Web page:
You need to plan for a communication breakdown. Talk through your style of communication. Does a client HATE email? Does your assistant only take texts from VIP clients? These are good boundaries to define as you start working together. I always ask clients how I should best reach them in an emergency. It’s good to know, and it helps us both feel at ease.
Keep normal hours when working late. One of my favorite hacks for email is Boomerang. Boomerang is a gmail-based program that lets you delay sending an email until a specific time. I use this every Friday so that my clients all receive their end of week reports at 5pm on the dot. Remember, I have a full client load. If I wrote all the emails at 5pm, some clients would get theirs after working hours. This would be an example of me not keeping my boundaries. Instead, I start them at 4:30, and queue them to go out all at 5:00pm on the dot. Another example of this is if you’re up late working on tasks, and you need to respond to an email. Respond, using Boomerang, and send the email when the recipient is in the office next. It’s an easy way to keep up on email without looking like you’re in the office all the time.
Maintain a professional standard and conduct business in an ethical manner. Your assistant is an asset, not someone to abuse. Remember that you have a professional relationship. Asking your assistant to do something that’d make your mother blush isn’t a good idea. (Don’t ask your assistant to buy birth control, set up a swinging date, or filter through porn sites. Not okay.) It's usually okay to ask for help with personal tasks like doctor's appointments. This can vary by assistant. (Some only do professional tasks — another boundary!)
Contact information might be business only. Some assistants prefer to use Google Voice, so that boundaries stay firm. If clients text or call after hours, the pressure to pick up the phone isn't as big. Keep the boundaries you set whether you have your assistant’s actual phone number or not. Clients delegate to me at 3am, knowing that I won’t answer, or start working until I’m back in the office.
Boundaries are key to a successful VA/Client relationship. Make sure that time, energy, and integrity are protected for everyone involved. The biggest and most rewarding client interactions come from my boundaries around communication. My clients know without a doubt that they’ll be able to reach me between 9am and 5pm. They know that I respond within in an hour during working hours. They know that sending tasks outside of those hours is okay — but that I'll write back when I’m back in the office.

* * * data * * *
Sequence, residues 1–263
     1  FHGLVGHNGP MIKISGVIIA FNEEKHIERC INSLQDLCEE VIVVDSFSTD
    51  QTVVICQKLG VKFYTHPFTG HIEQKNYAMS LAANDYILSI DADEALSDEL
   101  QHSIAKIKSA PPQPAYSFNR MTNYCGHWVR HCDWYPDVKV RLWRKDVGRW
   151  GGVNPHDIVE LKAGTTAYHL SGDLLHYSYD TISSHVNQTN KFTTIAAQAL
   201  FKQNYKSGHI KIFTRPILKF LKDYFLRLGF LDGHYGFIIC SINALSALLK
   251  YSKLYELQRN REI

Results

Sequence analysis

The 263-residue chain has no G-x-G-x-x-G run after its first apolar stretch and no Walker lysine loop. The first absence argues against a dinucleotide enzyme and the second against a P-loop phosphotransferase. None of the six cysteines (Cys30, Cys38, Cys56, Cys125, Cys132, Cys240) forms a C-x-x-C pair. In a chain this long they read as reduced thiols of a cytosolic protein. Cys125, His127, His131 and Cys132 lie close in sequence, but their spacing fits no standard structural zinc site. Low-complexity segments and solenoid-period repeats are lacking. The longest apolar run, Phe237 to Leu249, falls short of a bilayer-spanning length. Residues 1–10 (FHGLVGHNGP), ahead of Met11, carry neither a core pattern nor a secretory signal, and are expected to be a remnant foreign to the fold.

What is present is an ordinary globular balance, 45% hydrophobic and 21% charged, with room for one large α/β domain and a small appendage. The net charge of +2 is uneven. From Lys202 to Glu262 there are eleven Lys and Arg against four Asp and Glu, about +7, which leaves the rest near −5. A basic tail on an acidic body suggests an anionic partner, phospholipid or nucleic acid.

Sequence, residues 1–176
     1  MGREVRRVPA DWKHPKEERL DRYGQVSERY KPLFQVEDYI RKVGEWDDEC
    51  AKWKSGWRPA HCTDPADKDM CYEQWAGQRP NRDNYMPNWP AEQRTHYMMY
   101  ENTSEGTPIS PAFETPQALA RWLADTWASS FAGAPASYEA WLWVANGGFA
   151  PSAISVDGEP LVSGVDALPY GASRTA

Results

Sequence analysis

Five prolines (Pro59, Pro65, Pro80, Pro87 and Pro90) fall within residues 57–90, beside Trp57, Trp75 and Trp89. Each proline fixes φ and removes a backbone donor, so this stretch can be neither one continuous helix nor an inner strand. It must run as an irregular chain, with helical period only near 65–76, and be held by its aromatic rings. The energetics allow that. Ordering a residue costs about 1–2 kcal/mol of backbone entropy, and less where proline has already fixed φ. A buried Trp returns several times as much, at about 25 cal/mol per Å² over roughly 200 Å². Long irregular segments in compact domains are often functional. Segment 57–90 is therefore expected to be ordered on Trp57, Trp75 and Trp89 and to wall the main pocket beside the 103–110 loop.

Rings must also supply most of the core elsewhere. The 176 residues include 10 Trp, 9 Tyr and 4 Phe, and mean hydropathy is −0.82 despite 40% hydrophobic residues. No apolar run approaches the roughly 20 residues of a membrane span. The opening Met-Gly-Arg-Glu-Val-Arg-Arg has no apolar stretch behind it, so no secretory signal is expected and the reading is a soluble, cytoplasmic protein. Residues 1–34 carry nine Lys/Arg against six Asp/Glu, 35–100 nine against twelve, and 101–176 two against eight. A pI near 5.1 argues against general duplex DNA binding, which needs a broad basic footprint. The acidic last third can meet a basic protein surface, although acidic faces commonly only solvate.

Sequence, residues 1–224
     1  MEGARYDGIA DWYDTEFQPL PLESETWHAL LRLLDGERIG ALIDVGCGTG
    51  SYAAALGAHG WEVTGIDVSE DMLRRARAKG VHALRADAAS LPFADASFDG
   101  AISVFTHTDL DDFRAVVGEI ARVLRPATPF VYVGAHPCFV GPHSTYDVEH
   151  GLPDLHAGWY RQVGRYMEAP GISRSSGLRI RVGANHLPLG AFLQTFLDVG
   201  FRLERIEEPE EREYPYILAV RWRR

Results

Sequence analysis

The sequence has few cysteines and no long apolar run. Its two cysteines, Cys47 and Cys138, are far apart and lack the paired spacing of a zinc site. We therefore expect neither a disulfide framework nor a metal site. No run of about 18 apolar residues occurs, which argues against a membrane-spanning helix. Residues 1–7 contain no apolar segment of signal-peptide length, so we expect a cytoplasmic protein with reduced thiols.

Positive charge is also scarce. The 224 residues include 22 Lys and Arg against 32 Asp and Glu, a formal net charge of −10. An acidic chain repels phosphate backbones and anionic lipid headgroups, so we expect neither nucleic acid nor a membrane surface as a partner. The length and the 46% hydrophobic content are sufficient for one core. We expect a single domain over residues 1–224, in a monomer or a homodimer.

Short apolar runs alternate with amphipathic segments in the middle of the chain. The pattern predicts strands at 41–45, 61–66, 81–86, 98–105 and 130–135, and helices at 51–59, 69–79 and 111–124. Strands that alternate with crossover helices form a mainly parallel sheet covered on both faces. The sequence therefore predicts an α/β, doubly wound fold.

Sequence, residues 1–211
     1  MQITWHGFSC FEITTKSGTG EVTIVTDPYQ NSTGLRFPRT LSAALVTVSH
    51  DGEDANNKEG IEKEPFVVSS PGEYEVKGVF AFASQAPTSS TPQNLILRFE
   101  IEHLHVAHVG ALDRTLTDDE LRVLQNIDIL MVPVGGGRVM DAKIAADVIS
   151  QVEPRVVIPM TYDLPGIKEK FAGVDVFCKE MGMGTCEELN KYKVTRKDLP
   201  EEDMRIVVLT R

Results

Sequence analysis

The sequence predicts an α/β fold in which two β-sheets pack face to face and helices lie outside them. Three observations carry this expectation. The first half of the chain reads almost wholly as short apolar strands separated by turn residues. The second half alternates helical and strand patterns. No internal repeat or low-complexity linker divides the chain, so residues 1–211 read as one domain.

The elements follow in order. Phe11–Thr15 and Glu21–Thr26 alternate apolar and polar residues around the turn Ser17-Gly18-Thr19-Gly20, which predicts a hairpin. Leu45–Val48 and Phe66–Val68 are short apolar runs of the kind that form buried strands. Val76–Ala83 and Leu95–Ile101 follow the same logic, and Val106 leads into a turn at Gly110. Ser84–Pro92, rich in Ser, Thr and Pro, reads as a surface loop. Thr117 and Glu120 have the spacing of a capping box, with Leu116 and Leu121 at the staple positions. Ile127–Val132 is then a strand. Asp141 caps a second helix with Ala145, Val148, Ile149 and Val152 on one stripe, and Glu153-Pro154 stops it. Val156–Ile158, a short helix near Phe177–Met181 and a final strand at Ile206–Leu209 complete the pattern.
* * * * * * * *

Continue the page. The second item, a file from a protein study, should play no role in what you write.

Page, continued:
Effective boundaries create positive client relationships.
Where do you need to change or put in place your boundaries? Tell me in the comments!
Today I have a fun story for you about my own assistant. I got to have the moment I so often get to give to my own clients.
She set some Skype calls for me. She reached out, coordinated schedules, and listed it on my calendar. Nothing out of the ordinary.
During one of my check-in calls with my assistant, we went over my schedule for the day. I had a Skype call that afternoon, and realized I didn't know the other person's username. I mentioned it to my assistant and she said, "Oh, I added them to your Skype account already. You're friends and connected, so all you have to do is login and click their name."
I skipped a breath, and was so excited. She'd anticipated and filled in a blank. It was our first few days of working together, and I was so excited I almost screamed.
This is the first time I had the moment that I get to give to clients.
I understood what it felt like to have something just click for you. I understood from the other side what it feels like when someone takes initiative. I felt what it's like to have someone proactive on your team, anticipating for you. Giving that feeling to my clients is something I love to do.
That click in your brain that says, "this has been care of..." or, "oh my gosh, I have extra time for that?"
It's your feeling to have when you work with a VA -- and I'm so excited to help you experience that all the time.
Here are some great steps toward getting in the groove of working with a VA:
Write down the things you aren't great at. These are non-negotiable tasks to delegate.
Write down the things you're great at, that you don't like doing. These are the next things to delegate.
Write down the things you are good at, but don't like doing. Delegate these too.
In an ideal world, you're left with the things you want to do, that you're great at. That's your zone of genius, or your ideal zone to work in. Everything else, you should be delegating to someone else -- your virtual assistant.
PS - Did you hear that I’m booked out until 2017? Join the first dibs list below to be the first to know when I’m ready for new clients!